US negotiators forced the duty-free quota on South Africa during the finalisation in 2015 of the Agoa trade agreement between the two countries. It was added at the last minute as a make-or-break condition, and the South African poultry industry reluctantly bowed to this pressure because of the huge benefits the agreement contained for other South African industries.
Chicken is the number one protein of consumption in South Africa, and once had a vibrant industry, yet we also try imports from nine countries: Brazil, Denmark, Ireland, Spain, Germany, Netherlands, the US, Poland and the UK.
Local organisations such as the Food and Allied Workers Union (Fawu) and the South African Poultry Association (Sapa) are against poultry dumping because of its negative impact on the economy and the growth of the broiler industry in the country. Dumping is blamed for an economic decline and job losses in the industry.
Textiles in 2018. The US suspended Rwanda’s right to export clothing duty-free under Agoa, after it rightly banned the import of second-hand clothes, as it needed to develop its sectoral industry.
The East African Community (EAC) had wanted all second-hand clothes imports banned by 2019. Rwanda’s decision followed an agreement that had been adopted by the East African Community (EAC) in 2016, to ban imports of used clothing imports by 2019 in order to boost the local clothes manufacturing businesses. In addition, second-hand clothing is amongst the worst culprits of environmental pollution and has no local developmental impacts. Again, this shows the de- industrialisation effects of some of Agoa’s programmes.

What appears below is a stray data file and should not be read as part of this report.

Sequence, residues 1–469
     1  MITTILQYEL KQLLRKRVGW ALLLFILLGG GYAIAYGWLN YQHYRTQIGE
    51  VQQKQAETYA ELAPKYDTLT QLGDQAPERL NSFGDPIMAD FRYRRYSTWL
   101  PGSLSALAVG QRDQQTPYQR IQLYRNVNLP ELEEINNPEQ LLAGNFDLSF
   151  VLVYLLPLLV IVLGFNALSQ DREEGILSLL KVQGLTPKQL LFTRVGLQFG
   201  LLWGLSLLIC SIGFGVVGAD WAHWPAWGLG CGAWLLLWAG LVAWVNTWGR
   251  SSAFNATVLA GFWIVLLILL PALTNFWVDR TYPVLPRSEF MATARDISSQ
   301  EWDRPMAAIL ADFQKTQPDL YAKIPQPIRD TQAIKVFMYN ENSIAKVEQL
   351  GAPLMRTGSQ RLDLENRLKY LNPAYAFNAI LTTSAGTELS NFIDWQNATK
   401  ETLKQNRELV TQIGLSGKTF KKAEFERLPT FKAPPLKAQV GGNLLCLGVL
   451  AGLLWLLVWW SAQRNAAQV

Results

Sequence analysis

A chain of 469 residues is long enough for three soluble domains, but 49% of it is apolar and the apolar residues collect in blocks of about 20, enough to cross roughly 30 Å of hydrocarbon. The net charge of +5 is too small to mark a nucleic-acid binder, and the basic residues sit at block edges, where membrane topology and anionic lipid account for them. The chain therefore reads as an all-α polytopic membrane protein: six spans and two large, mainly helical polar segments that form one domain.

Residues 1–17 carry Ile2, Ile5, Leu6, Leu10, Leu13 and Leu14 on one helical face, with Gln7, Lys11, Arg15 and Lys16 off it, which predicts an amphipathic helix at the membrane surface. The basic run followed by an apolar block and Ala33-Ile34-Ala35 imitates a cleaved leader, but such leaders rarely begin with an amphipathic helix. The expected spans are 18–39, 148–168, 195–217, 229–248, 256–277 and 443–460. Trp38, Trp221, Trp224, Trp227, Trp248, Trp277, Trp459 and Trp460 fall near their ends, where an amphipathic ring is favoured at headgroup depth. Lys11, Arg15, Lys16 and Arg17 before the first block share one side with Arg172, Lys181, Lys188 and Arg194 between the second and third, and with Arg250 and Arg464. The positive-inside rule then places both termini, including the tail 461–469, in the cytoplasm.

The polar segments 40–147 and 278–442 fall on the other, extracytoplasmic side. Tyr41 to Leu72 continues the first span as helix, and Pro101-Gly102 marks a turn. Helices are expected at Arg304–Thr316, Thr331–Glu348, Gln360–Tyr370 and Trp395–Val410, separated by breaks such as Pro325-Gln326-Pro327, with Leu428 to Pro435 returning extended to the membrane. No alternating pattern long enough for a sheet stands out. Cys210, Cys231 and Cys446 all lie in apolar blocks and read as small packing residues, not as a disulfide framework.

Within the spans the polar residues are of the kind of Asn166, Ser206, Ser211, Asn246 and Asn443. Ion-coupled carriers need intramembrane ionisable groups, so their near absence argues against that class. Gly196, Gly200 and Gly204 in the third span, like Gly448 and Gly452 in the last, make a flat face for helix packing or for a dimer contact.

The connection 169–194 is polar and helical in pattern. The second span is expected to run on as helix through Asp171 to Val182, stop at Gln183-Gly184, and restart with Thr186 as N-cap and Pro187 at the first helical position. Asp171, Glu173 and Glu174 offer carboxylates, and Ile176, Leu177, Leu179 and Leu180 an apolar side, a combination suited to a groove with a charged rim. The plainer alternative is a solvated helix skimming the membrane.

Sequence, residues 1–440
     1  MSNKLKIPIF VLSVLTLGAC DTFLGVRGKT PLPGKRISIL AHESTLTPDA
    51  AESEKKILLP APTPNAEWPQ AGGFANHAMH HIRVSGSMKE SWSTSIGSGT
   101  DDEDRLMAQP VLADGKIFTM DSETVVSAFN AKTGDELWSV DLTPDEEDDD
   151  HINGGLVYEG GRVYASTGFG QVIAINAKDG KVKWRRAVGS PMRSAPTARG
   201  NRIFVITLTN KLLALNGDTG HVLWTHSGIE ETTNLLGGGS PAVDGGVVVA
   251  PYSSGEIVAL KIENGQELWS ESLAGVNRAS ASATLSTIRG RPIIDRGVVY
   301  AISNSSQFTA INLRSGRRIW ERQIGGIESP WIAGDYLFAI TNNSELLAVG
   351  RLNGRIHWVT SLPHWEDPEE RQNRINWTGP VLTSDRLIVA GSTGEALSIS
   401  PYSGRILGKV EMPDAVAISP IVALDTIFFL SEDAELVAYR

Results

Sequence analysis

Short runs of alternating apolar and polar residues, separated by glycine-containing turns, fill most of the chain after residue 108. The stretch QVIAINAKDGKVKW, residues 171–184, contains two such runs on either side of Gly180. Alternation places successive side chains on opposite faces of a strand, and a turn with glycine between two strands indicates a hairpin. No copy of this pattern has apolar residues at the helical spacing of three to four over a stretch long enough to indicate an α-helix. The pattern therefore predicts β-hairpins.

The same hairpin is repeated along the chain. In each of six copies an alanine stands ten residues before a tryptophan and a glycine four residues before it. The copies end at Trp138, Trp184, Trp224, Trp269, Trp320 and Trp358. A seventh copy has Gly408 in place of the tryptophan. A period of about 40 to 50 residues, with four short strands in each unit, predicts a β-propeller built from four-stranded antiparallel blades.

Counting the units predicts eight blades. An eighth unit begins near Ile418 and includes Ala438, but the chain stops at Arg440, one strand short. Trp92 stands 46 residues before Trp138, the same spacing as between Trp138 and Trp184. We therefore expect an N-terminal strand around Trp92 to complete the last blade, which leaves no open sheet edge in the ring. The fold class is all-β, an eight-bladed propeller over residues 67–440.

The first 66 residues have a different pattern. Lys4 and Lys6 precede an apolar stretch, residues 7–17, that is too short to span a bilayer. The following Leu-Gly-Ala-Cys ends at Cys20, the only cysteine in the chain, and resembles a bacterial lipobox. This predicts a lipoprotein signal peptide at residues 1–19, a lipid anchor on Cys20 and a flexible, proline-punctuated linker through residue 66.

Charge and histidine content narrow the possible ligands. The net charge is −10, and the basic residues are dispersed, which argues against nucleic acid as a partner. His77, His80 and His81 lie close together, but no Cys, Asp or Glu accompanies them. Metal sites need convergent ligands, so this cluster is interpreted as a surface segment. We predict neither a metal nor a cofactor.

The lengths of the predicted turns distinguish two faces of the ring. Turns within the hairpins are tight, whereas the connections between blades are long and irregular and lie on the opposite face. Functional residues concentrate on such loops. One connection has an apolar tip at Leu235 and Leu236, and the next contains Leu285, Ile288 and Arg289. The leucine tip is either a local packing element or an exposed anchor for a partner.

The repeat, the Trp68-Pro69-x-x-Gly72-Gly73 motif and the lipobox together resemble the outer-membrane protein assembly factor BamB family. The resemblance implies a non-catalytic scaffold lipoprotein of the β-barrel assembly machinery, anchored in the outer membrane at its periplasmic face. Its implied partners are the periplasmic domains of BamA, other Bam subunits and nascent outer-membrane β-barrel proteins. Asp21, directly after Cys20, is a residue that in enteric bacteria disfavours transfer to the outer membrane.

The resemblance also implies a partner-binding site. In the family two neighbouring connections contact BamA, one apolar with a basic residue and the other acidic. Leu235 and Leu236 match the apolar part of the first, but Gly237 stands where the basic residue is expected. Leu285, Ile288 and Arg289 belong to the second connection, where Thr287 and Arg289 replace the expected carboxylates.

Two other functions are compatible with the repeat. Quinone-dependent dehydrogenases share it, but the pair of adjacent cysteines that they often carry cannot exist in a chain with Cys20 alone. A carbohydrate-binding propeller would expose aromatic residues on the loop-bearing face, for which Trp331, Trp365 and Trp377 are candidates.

3. Debt crisis and tax evasion
A few years ago, the narrative of ‘Africa rising’ – a reference to the strong economic performance across the continent in the period 2000 to 2014 was a cause for hope. At the time, a high commodity boom, tech-enabled growth, and investment in fiscal-taxation systems, ensured a growth of middle classes. According to the IMF regional economic outlook, “Rising food and energy prices are impacting the region’s most vulnerable, and public debt and inflation are at levels not seen in decades. Against this backdrop, and with limited options, many countries find themselves pushed closer to the edge. Sub-Saharan African countries find themselves facing severe exogenous shocks. The effects of the war will be deeply consequential, eroding standards of living and aggravating macroeconomic imbalances, thus growth is expected to decline.”
As of November last year, 37 out of 69 of the world’s poorest countries were either at high risk or already in debt distress, while one in four middle-income countries, which host the majority of the extremely poor, were at high risk of fiscal crisis. Northern Banks are draconian and have not moved on any debt relief measures, pushing Africa back to the 1980s mega debt situation.
Take for example, Ghana – a rising star of Africa. Although it has recently discovered and is producing oil and gas, it has yet to achieve fiscal sustainability and has approached the IMF for a $3 billion bailout package. In February this year, Nigeria plunged into a monetisation crisis, even though it is a lead oil exporter and oil prices are at record levels.